Sunday, July 16, 2017

Keep Calm And Fax On


-by Tom Sullivan

The U.S. Senate vote to repeal Obamacare is coming any day. Senate Majority Leader Mitch McConnell appears to have lost (or given a bye to) two votes: Rand Paul (Kentucky) and Susan Collins (Maine). If one more Republican senator goes rogue, a half dozen more will follow and the Better Care Reconciliation Act (BCRA) will be a zombie again. (We should know by now with these bills not to think of dead as dead.) The lobbying targets still tempted to vote no are Lisa Murkowski (Alaska), Rob Portman (Ohio), Dean Heller (Nevada), and Shelley Moore Capito (West Virginia). The trick is to make an impression loud enough to counter McConnell's arm-twisting-- and bribes.

Here's something outside the box.

March 21, 2010 was the day of the make-or-break Affordable Care Act vote in the U.S. House. But it was a Sunday, rendering inoperative the plan to email our large, 2008 Obama volunteer list and ask supporters to call North Carolina Rep. Heath Shuler's Washington office. Outside of regular business hours, no one would pick up and voice mail would be full, wasting volunteers' precious time. So Plan B. We would use the fax machine, an old-school tactic off many millennials' radar. Back in the day, unions called this fax-jamming.

Setting up took only an hour or so. We drafted a letter in support of the ACA and sent it to the list. If people approved us sending a fax on their behalf, they could hit REPLY and add their full name and contact information to the letter (plus any personalized edits). Responses poured in a dozen at a time. Our team bundled the letters into PDFs (sets of five) as they arrived and faxed them to D.C.

There might have been a more elegant way to do this, but we were pressed for time. That day we sent 600 faxes (electronically via an all-in-one fax/printer; no paper our end). A Shuler staffer later told me we trashed their fax machine. No, it didn't change Shuler's vote, but 600 people got their voices heard on a day they otherwise wouldn't.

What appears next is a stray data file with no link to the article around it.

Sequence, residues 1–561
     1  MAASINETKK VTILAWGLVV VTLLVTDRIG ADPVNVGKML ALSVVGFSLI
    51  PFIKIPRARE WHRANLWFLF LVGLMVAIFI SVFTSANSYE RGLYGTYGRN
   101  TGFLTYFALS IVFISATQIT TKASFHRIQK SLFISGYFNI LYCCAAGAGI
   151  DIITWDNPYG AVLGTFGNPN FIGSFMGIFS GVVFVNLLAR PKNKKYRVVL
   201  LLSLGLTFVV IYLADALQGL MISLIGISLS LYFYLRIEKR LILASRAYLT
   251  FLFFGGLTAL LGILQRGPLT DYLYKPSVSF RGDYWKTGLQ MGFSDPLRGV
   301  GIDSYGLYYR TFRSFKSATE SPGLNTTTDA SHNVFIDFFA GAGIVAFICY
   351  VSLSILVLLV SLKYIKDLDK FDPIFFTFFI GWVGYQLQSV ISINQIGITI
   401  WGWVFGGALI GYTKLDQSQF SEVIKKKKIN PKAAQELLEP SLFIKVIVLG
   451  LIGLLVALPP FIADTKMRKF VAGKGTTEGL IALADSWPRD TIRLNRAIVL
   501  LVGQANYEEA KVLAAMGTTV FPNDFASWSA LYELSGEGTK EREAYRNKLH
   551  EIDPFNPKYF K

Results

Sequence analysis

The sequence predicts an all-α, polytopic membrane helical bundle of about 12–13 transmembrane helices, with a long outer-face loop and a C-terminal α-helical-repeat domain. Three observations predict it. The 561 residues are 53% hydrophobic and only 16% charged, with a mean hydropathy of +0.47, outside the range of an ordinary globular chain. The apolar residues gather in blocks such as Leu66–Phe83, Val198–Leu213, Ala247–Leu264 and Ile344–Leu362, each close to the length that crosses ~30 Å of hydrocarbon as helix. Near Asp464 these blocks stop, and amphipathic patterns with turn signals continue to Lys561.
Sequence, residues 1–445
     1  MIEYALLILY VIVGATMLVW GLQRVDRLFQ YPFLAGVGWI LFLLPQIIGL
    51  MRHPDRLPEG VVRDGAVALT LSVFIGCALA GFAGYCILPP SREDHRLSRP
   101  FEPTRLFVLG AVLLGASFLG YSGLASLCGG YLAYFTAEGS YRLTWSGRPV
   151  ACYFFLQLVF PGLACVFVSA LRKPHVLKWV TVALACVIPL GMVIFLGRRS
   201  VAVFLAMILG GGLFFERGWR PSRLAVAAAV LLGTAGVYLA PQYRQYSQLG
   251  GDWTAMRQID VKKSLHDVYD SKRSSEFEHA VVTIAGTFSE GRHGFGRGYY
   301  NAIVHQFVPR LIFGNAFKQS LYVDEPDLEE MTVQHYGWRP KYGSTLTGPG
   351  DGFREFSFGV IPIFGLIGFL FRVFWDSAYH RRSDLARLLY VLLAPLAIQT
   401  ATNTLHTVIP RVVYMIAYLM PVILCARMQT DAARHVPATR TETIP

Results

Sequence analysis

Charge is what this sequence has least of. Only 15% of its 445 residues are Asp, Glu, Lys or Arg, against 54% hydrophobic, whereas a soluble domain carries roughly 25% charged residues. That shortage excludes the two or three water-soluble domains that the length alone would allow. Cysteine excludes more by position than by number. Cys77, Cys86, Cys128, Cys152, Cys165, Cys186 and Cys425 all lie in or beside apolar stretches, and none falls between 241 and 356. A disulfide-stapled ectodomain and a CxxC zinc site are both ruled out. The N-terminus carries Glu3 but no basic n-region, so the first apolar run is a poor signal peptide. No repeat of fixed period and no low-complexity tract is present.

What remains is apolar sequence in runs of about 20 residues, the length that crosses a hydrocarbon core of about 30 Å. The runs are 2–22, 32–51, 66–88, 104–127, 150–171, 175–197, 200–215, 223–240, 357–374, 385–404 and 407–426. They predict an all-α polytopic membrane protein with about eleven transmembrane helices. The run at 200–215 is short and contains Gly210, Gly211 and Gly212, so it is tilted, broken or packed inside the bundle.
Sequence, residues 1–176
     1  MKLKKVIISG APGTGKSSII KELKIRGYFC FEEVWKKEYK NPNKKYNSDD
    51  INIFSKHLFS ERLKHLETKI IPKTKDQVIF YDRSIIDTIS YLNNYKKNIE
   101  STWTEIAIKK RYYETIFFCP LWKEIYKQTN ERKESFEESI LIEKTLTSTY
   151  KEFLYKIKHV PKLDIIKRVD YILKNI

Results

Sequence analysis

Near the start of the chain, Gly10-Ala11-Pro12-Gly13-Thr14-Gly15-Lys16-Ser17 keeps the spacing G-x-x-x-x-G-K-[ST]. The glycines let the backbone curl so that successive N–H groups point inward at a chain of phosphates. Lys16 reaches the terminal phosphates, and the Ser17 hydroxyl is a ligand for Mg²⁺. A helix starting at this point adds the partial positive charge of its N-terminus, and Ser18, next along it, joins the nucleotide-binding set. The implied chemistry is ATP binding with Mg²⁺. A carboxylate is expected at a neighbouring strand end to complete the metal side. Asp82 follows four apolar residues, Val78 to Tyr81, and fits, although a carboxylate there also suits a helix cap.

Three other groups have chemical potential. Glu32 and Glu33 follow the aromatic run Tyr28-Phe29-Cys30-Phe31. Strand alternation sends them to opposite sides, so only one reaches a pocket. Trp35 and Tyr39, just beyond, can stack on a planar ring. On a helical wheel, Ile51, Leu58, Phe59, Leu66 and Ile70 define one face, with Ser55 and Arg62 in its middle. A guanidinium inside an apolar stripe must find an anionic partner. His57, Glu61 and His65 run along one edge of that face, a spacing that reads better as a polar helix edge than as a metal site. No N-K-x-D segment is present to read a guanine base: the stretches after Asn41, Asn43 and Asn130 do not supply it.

It might be time to reprise that tactic to target the fence-sitting senators from AK, OH, NV and WV with "HELL NO" (or whatever) letters ahead of the BCRA repeal vote. If nothing else, senate offices will have to physically handle and log a bundle of paperwork. They won't forget it. Shuler's people didn't.

Videotaped and posted online, the team effort might energize new activists. Sure, anyone can do this alone at home 24/7 using a free faxing service, but you won't send hundreds en masse or know how many on your list did. Done centrally, you can track the response rate and feed numbers of faxes sent back to your mailing list volunteers for some positive reinforcement. All you need is a phone line (preferably not a personal one; we used the local party HQ) and an all-in-one machine.

And here are some fax numbers you might be looking for:
Shelley Moore Capito (WV)- (202) 224-7665
Rob Portman (OH)- (202) 224-9075
Dean Heller (NV)- 202-228-6753 or 702-388-6501 in Las Vegas
Lisa Murkowski (AK)- (202)-224-5301 or (877) 857-0322 in Anchorage
Keep calm and fax on.

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At 9:40 PM, Anonymous Anonymous said...

Here is the sentence that makes this whole piece moot:

"No, it didn't change Shuler's vote"

If any R is on the fence, he's either holding out for something better for him/herself or he's got kin who would be killed by the bill... kin that he likes.

In either case, the RNC/RSCC will have a bag of cookies for him/her.

No number of faxes, calls, letters or e-mails will make any diff. They'll especially ignore any com that does not include a promise of a 5-figure donation or comes from outside their state.

And, no, the democraps are no different.

At 5:59 AM, Anonymous Anonymous said...

Part of the most peculiar psychosis of American voters is that they can truly be against being ass-raped, but they will vote for the serial ass-rapists because they hate... hate being the issue above all other issues.

And, of course trying to convince politicians won't work unless you are prepared to give big donations. There are scant few pols who give a shit what little people think.


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